BROOKLYN, N.Y. — Despite the nation’s unemployment rate holding at a solid 7.8%, artisanal, organic tonic water is shaping up to be the hottest food and drink trend of 2013. Eschewing the label of “luxury item,” small-scale producers of the beverage are calling the product “a drinking necessity,” and sales are starting to indicate that the market is in agreement.
Violet Cortlandt, owner of the cottage-industry tonic Impérialisme, explained her belief that “locally-produced, carefully curated beverages are a right, not a privilege,” adding, “is food that isn’t organic and thoughtfully sourced even really food anymore? I thought we had moved past that.” While crippling debt and disappointing rates in job creation continue to worry the nation, many explained that they felt “entitled to” the new beverage, which blends hand-crushed quinine with lightly roasted sugar cane juice.
“We offer four locally created varietals,” Cortlandt explained, proffering thimble-sized samples to a crowd of chic job seekers at a networking event. “We work in small, artisanal batches: there’s our Original; then Gochujang, which is quite spicy; Pickled Kale; and Smoked Sage. The kale and sage are both grown on urban rooftops and hand-picked by virgin refugees.”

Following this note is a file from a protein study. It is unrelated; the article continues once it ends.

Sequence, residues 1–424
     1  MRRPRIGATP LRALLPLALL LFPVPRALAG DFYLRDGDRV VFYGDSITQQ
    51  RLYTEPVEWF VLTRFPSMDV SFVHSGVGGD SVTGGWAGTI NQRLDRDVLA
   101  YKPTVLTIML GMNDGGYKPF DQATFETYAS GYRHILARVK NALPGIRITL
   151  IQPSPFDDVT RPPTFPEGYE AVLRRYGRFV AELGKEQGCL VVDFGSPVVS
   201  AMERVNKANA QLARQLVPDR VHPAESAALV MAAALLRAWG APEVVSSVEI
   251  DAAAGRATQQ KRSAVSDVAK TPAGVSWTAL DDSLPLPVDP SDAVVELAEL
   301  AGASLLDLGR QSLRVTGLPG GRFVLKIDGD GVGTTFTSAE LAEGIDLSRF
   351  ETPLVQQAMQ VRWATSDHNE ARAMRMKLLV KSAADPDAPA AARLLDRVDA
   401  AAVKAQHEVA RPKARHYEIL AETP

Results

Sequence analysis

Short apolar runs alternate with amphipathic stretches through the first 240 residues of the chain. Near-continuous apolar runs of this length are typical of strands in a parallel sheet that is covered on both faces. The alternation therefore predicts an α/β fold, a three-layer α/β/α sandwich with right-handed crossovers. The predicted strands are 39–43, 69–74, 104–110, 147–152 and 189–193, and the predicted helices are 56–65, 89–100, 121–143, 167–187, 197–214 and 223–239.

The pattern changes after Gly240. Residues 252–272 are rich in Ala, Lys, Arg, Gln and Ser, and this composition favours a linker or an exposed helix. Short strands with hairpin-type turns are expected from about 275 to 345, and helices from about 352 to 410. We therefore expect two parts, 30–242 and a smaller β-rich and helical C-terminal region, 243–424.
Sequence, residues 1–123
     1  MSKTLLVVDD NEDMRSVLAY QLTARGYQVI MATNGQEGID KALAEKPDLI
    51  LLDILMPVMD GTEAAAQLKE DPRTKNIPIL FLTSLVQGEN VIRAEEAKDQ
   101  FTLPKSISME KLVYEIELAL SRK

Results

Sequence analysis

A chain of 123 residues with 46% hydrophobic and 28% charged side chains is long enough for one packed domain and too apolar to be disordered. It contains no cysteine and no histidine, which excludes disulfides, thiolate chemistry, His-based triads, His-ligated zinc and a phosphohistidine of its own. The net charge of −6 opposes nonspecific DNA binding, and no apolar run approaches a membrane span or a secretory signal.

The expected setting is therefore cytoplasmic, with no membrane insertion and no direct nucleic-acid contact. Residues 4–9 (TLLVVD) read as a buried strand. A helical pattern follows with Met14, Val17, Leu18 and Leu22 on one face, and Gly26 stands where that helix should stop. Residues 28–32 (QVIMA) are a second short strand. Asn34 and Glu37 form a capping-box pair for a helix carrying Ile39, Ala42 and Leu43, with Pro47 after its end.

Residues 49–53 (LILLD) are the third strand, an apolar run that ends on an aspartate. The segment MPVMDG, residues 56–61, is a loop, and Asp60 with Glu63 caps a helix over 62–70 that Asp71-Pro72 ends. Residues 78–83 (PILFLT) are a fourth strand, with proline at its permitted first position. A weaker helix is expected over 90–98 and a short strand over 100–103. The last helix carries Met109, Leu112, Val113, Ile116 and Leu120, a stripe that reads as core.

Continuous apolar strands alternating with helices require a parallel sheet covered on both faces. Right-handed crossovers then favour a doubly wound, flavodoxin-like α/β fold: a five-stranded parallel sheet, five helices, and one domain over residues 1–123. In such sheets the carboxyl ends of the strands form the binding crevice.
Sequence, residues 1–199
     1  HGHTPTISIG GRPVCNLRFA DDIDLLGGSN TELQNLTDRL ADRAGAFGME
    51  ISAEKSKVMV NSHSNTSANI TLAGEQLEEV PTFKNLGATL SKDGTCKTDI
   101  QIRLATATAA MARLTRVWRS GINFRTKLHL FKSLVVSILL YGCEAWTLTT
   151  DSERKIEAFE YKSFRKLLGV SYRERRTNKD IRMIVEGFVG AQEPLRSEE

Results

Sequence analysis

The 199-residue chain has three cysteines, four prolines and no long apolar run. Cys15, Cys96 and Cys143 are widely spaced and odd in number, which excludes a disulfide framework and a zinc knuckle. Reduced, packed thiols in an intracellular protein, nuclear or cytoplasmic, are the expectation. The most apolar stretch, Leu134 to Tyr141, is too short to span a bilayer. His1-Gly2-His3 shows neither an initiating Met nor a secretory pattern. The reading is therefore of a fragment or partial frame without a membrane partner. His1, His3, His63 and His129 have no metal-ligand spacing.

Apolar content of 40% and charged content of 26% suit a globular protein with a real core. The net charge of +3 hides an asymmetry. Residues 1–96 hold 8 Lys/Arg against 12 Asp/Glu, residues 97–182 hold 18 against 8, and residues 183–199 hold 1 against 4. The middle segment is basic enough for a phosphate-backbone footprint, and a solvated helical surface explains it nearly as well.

Calling the drink “really worth blowing my unemployment check on,” a group of underemployed college graduates discussed the merits of knowing precisely where their tonic came from. “I really like knowing that the cinchona trees that produce my quinine were organic,” one unemployed neuroscience major clarified.
Only a few people seemed to offer any resistance to the concept. “It’s a recession, people. We should be swapping recipes for peasant food: dal bhat, red beans and rice, minestrone soup—not touting ‘sourced’ indulgences. Since when were we owed so much luxury? This is ridiculous.”